Israeli court rules against allowing Jewish prayer on al-Aqsa compound
An Israeli appeals court has quashed a ruling allowing Jewish prayer on al-Aqsa compound in Jerusalem, a move which had provoked heavy criticism from Palestinians.
On Sunday, the Jerusalem Magistrate's Court overturned a police restraining order against three Israeli far-right activists for praying at al-Aqsa Mosque in violation of a longstanding understanding between Israel and Jordan, which administers the affairs of the mosque.
As part of the delicate decades-old arrangement, non-Muslims are allowed to visit al-Aqsa under the supervision of the Waqf, a joint Jordanian-Palestinian Islamic trust that manages the affairs of the mosque.
However, only Muslims are allowed to pray in the courtyards and prayer halls of the mosque.
The three appealed the ban to the magistrate's court, which ruled in their favour.
Judge Zion Saharai, while noting he did not intend to interfere in law enforcement policy, said they had not "raise(d) worry of harm befalling national security, public safety or individual security".
On Thursday, however, his ruling was overturned by the Jerusalem District Court after a counter-appeal from the state.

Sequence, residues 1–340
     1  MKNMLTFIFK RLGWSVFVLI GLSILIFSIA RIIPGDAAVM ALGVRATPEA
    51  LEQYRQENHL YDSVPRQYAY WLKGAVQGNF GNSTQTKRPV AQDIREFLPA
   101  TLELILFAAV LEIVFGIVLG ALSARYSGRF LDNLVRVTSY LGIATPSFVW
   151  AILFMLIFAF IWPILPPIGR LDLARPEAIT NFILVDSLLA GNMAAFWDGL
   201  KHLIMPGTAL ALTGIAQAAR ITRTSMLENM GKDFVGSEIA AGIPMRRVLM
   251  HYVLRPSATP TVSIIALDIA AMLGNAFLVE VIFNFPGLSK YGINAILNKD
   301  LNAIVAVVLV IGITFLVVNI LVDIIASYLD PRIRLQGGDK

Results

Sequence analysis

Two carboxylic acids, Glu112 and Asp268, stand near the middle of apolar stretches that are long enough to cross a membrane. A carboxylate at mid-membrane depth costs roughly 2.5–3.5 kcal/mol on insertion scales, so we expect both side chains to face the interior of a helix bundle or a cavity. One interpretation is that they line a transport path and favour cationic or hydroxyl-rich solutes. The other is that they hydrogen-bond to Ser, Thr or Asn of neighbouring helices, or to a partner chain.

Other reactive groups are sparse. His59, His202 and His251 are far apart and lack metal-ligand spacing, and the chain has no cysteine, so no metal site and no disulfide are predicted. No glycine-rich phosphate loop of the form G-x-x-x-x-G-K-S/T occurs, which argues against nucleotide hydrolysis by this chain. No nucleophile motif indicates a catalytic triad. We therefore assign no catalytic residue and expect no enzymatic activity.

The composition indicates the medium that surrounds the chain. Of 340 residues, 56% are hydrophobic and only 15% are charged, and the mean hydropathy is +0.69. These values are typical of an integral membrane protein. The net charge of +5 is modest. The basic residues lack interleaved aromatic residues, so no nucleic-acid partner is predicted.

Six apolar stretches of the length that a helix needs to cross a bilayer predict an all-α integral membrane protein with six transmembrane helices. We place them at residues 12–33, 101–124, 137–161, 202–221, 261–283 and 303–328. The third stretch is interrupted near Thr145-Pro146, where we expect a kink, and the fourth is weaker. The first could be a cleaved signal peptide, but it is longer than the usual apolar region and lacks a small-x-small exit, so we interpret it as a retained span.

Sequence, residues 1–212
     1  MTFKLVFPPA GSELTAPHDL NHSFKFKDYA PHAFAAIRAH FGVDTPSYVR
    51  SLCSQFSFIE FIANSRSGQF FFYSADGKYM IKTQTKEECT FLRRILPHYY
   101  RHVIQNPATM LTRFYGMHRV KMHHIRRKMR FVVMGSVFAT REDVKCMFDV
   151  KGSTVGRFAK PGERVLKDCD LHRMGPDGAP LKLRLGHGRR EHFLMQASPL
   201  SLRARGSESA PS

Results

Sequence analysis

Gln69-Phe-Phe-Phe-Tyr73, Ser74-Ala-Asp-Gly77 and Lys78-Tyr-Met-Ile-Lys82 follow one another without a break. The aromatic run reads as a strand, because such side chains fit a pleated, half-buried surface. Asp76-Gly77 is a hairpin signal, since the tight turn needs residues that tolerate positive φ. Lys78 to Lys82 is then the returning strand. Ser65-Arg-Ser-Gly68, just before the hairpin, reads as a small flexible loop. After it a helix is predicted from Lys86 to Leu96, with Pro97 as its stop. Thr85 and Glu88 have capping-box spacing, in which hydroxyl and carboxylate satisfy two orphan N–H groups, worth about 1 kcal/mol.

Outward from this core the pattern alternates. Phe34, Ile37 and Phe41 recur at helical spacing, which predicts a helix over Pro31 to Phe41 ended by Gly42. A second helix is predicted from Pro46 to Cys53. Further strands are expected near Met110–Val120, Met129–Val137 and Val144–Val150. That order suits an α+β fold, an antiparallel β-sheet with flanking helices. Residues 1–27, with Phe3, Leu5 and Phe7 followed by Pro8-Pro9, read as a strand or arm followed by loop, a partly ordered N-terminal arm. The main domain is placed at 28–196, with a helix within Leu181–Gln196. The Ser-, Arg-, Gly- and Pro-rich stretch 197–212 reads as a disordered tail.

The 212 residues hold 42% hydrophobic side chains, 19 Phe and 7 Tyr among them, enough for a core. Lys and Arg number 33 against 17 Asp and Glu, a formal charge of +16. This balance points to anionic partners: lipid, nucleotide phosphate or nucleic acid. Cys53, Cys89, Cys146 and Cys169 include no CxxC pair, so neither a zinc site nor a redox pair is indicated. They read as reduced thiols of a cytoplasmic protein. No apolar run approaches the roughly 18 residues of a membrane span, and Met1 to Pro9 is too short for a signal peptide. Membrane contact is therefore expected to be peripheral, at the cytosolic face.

"The special sensitivity of the Temple Mount cannot be overstated," Judge Einat Avman-Moller said in her ruling, using the Hebrew name for the site.
She said the right to freedom of Jewish worship there "is not absolute, and should be superseded by other interests, among them the safeguarding of public order."
Israel's control of East Jerusalem, including the Old City, violates several principles under international law, which stipulate that an occupying power has no sovereignty in the territory it occupies and cannot make any permanent changes there.
Israeli settlers and far-right activists, protected by the police, storm al-Aqsa Mosque on an almost daily basis.
Such incursions are organised by "Temple Mount" groups who have pushed for an increased Jewish presence at the site and advocate the destruction of al-Aqsa Mosque and the Dome of the Rock to make way for a Third Temple.